Black ExperienceHamil R. Harris

NAACP Hears Student Reports of Racially Charged Campus Attacks

At a time when students of color are besieged by racially driven attacks, NAACP used its monthly telephone conference on Feb. 19 to host a discussion titled “The State of Black Students in America.”

Tiffany Dena Lofton, national director of the NAACP’s Youth and College Division and the event’s moderator, fielded a range of questions from students from across the country that were answered by a diverse panel of guests.

Lofton opened the call by talking about the role and responsibility of the NAACP.

“If we want solutions that please us and make our lives better, they have to be driven by the people on the phone and the people affected,” she said.

The panelists included Brandon Evans, president of the University of Hartford chapter of the NAACP; Brea Baker, program director of Inspire Justice; Zellie Imani, co-founder of the Black Liberation Collective; Delanie Seals, a high school senior and organizer of #HeadWrapsMatter; and Yoel Haile, political director of the Afrikan Black Coalition.

When one caller asked about discrimination on predominantly white campuses, Imani said, “one of the most common problems is the white supremacy on these campuses and the complacency by the university officials.”

“If you bring an incident to their attention, oftentimes they will make it seem as though it is an isolated incident,” Imani said. “Students have to demand that they feel safe on their campuses. These universities need to do something systemically and policy-wise.”

Just last week, students who staged a sit-in at Syracuse University in protest of hate crimes and racial rhetoric on the New York campus were handed suspension letters. To date, no student has been reprimanded for the hate crimes during the fall semester.

Such incidents have increased in regularity in recent years, with sometimes tragic results.

In May 2017, Army 2nd Lt. Richard Collins, a Black student at Bowie State University, was fatally stabbed by a white man on the campus of the University of Maryland, just days before he was to graduate.

Three months later, Neo-Nazis, “alt-right” members and white supremacists chanted “Jews will not replace us” as they marched with torches through the University of Virginia campus in Charlottesville. A subsequent clash with counterprotesters resulted in three deaths, including a young woman killed when a reported Nazi sympathizer drove a vehicle into a crowd of demonstrators.

High school student Delanie Seals, who has long pushed for culturally sensitive dress code policies at her Oklahoma school, said such inclusive measures are necessary.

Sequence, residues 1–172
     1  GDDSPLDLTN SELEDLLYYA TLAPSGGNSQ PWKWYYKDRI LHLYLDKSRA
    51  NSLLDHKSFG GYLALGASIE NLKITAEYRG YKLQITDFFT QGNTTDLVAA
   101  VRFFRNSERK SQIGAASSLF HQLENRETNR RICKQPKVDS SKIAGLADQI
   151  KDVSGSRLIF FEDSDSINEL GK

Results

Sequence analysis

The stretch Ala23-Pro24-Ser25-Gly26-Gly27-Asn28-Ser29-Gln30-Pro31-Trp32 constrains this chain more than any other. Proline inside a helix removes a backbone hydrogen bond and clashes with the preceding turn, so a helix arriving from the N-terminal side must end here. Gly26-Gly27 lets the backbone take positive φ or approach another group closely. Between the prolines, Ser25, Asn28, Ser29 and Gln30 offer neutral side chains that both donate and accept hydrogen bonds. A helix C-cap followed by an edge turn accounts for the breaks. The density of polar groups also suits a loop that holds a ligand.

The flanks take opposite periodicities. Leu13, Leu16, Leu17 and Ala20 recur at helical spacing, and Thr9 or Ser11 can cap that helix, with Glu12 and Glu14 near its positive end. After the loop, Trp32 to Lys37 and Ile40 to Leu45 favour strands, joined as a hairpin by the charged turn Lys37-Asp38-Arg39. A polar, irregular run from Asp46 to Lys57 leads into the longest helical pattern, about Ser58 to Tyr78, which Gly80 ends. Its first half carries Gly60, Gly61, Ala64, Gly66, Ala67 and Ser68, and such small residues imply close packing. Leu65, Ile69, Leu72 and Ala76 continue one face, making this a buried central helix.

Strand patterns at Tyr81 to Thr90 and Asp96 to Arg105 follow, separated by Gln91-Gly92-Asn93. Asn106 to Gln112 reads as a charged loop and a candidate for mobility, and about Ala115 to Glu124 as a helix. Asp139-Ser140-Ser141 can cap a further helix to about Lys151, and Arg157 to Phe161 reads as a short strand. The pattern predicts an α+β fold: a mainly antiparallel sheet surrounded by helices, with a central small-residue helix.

“When you have people who look like you and have experienced the same things as you, you get more empathy and more support when it comes to issues that concern you,” Delanie said.

“Even before I was able to vote, I was making sure that I was contacting my state representatives and telling them the issues that I see in our schools,” she said. “I think it’s very important for Black residents to tell their representatives what they’re struggling with and their concerns.”

Haile ended the conference call by quoting Kwame Ture: “If your people are oppressed and you are not making a contribution to end the sufferings of your people, by your very act of inaction, you are against your people — there is no middle ground.”

“None of us has the luxury to sit out of the struggle,” Haile said. “We shouldn’t ever have the feeling that we get to sit out on the struggle of healing our people.”

To stay connected, text 2020 BLACKOUT to 40649 and learn ways to help in your community. For more updates, follow @NAACP on Twitter and @NAACP_YC on Instagram.

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Hamil R. Harris

Hamil Harris is an award-winning journalist who worked at the Washington Post from 1992 to 2016. During his tenure he wrote hundreds of stories about the people, government and faith communities in the Greater Washington Area. Hamil has chronicled the Million Man March, the Clinton White House, the September 11 attack, the sniper attacks, Hurricane Katrina, the campaign of President Barack Obama and many other people and events. Hamil is currently a multi-platform reporter on the Local Desk of the Washington Post where he writes a range of stories, shoots photos and produces videos for the print and online editions of the Post. In addition, he is often called upon to report on crime, natural disasters and other breaking issues. In 2006 Harris was part of a team of reporters that published the series “Being a Black Man.” He was also the reporter on the video project that accompanied the series that won two Emmy Awards, the Casey Medal and the Peabody Award. Hamil has lectured at Georgetown University, George Washington University, Howard University, the American University, the University of Maryland and the University of the District of Columbia. He also lectures several times a year to interns during their semester in the District as part of their matriculation at the Consortium of Christian Colleges and Universities.

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